Wednesday, September 30, 2015

Why hasn’t India been able to replicate, even in in some small measure ?

Why haven't Indians been able to create a Google or Facebook in Bangalore?

If there's one thing India is known for abroad, besides poverty, it's the country's prowess in information technology. Its often said that if China is the factory of the world, India is its back office !

Then Why ?

Reasons !!!
  • Beginning in the 1980s, Indian tech companies focused on providing relatively low value-added IT services to overseas clients, rather than developing high value-added products.  
  • The choice made sense as Companies faced a tough climate for doing business in then-socialist India and a small domestic market. 
  • Red tape strangled the hardware sector, as so many others in India; 
  • archaic labor laws (presently 44 national and more than 150 state laws are in practice. These multiple laws make the things tougher, time consuming, expensive etc. Hence we need to work on that.)
  • lack of power supply.
  • Given India's nationalized banking system, financing for risky startups was slim-to-nonexistent.
  • India spends only 0.8 percent of its GDP on research and development, compared to 2.8 percent in the U.S. and 1.8 percent in China, both of which have much higher GDPs than India.
  • lack of a venture funding ecosystem in India for innovative new startup ideas.
  • collaboration between universities and corporate enterprises is still minimal in India.
  • even today, India puts out less than 3 percent of the world’s research – and little of that is translated into commercial ventures.

Certain other challenges !!
  • India’s Intellectual property rights (IPRs) has been at the clash with the West interest. Our IPRs have been adjusted with the Trade Related aspects of intellectual property right (TRIPS) Agreement. Our trade mark and Copyright have been amended according to feasibility of WTO. Still we need to work for revamping the IPRs, so that the clash with West  be minimized and trade be boosted.

What needs to be done ?
  • need to focus on improving the environment for innovation.
  • cutting regulations.
  • investing in research and education.
  • boosting growth in order to expand the domestic market. 

Lets talk positive..what did  new Government do till now ?
  • launched the Micro Units Development and Refinance Agency (MUDRA) Bank in order to furnish funds for micro, small and medium enterprises.
  • there was an attempt at loosening labor laws.

What needs to be done ..but is being opposed ( u know why ..politics ! )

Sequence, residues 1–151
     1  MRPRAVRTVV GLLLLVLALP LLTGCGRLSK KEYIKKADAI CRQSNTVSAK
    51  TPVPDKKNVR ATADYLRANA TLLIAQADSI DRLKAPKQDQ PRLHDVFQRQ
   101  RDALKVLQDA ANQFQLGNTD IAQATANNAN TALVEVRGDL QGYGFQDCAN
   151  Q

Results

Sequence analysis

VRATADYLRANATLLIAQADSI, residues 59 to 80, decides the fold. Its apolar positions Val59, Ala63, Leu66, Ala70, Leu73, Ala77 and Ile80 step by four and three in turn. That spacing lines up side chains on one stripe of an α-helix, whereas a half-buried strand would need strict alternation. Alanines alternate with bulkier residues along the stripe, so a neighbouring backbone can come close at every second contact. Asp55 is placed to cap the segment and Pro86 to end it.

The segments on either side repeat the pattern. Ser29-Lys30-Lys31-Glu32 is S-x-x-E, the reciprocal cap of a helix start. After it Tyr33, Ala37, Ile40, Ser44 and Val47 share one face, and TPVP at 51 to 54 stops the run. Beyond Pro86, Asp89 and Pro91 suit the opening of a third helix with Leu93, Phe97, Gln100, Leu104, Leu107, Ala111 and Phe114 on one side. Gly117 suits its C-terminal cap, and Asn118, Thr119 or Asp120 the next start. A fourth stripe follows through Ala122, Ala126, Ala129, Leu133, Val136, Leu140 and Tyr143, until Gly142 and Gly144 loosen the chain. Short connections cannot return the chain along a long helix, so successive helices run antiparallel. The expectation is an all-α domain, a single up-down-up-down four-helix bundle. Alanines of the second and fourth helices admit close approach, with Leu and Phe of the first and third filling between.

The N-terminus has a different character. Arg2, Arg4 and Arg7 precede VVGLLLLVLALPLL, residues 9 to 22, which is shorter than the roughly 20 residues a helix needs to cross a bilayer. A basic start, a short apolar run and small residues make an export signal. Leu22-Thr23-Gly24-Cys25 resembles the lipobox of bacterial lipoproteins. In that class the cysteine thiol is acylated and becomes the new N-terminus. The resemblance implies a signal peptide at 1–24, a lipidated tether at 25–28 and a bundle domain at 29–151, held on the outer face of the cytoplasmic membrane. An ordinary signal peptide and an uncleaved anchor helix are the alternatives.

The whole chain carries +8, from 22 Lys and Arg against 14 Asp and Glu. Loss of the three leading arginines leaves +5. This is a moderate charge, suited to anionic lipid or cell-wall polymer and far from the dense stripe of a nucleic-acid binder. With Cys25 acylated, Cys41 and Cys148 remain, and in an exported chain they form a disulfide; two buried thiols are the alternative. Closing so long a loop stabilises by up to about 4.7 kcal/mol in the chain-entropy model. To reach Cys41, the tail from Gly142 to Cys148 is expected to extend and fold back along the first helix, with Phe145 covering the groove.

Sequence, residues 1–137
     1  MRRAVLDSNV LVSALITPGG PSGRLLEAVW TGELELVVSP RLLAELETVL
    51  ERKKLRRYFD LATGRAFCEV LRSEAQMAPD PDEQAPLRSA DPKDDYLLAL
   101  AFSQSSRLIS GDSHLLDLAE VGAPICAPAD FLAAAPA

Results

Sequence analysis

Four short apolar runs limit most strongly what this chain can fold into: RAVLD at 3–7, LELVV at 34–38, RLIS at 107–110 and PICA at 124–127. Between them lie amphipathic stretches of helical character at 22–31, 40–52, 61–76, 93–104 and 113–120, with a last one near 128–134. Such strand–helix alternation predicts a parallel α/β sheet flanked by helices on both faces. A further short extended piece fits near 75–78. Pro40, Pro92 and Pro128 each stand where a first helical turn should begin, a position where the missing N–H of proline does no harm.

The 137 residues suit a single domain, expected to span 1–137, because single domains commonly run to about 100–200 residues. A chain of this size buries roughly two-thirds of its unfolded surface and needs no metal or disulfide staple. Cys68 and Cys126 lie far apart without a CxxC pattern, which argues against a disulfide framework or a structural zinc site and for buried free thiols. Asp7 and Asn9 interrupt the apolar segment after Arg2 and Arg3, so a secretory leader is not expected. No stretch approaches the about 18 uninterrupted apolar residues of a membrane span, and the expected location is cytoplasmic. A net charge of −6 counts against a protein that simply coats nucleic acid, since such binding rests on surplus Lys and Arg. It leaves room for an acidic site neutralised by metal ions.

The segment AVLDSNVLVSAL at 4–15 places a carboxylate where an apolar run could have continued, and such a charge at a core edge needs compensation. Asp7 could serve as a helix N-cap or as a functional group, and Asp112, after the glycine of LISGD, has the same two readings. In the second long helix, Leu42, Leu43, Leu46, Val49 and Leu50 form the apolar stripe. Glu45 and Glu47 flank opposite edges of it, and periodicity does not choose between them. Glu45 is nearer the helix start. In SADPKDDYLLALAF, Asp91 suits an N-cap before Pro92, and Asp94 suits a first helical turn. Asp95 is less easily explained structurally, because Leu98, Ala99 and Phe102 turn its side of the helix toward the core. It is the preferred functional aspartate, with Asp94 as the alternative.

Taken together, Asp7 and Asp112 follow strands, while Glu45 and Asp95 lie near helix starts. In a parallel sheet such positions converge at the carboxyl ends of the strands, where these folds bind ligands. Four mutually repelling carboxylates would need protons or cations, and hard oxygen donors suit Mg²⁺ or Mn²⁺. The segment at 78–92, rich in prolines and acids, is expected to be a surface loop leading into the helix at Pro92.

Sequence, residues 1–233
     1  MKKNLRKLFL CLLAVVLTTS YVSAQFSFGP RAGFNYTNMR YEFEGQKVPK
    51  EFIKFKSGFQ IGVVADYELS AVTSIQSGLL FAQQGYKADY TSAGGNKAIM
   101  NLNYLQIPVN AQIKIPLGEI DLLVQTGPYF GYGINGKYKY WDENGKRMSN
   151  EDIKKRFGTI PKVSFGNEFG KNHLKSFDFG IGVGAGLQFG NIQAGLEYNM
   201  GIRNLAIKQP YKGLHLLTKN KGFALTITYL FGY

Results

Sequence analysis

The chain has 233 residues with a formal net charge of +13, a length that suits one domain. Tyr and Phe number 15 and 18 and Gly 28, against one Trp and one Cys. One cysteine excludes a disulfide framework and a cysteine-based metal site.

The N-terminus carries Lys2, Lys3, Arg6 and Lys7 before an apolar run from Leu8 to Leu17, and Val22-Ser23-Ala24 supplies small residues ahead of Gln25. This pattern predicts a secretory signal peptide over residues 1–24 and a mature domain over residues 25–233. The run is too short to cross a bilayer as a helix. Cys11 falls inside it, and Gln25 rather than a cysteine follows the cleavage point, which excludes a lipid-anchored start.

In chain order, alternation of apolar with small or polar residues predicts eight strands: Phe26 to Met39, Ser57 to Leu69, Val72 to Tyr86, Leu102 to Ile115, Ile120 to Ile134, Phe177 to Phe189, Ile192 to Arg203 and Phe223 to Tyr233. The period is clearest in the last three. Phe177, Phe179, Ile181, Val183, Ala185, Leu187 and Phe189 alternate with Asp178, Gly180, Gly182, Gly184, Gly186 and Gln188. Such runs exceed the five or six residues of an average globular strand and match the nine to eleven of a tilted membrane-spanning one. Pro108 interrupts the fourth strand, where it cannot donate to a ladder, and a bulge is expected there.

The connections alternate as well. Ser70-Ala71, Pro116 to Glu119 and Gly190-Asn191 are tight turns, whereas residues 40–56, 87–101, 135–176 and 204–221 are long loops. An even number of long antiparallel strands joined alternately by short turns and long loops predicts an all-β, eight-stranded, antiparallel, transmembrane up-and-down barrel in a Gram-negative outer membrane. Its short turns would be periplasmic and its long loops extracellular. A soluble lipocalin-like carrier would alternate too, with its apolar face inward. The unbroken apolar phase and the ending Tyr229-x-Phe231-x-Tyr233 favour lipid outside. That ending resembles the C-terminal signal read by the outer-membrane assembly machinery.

• Millions of workers went on strike recently, protesting against the proposed labor reforms. 
  • The Goods and Services Tax (GST) bill, which will facilitate the movement of goods and services across states, is still stuck in parliament.

Roadmap ?
  • India should prepare the ground to create a research-oriented start-up ecosystem, akin to Silicon Valley which could shape up our competitiveness in the global markets.
  • build a science park next to a research university, provide subsidies and incentives for startups to locate there, and create a pool of venture funding.
  • The traditional STEM (Science, Technology, Engineering, Mathematics) in academics needs to be replaced with STEAM (A for Art). 
  • India should not look at just the domestic market, but look to cater services even to developed countries that will face skilled workforce shortage by 2020. 
  • India needs to prepare to cater to the demand and aim to be a part of the global supply chain ecosystem through customer credibility.

Moral of the Story !!!

The Silicon Valley in the USA was the meeting point of the American work ethics which focuses on freedom to explore new things, cherishes creativity and sees failures as the stepping stone to success and the heady WWII days of heavy State funding on defense and the institutional support provided by the Stanford University.
To build a Silicon Valley in India the above mentioned work ethics, governmental support and institutional support is needed more than brick and mortar structures. When seen in this perspective Indian IT cities like Bangalore and Hyderabad which at their present levels are more like the backroom office for the global IT majors and therefore devoid intellectual application and original thinking.
Despite the myriad challenges, India still has the population and economy to kickstart a startup revolution. What it needs is the delivery of a long list of reforms and that change in work ethic culture to turn its traders into businessmen and graduates into entrepreneurs.

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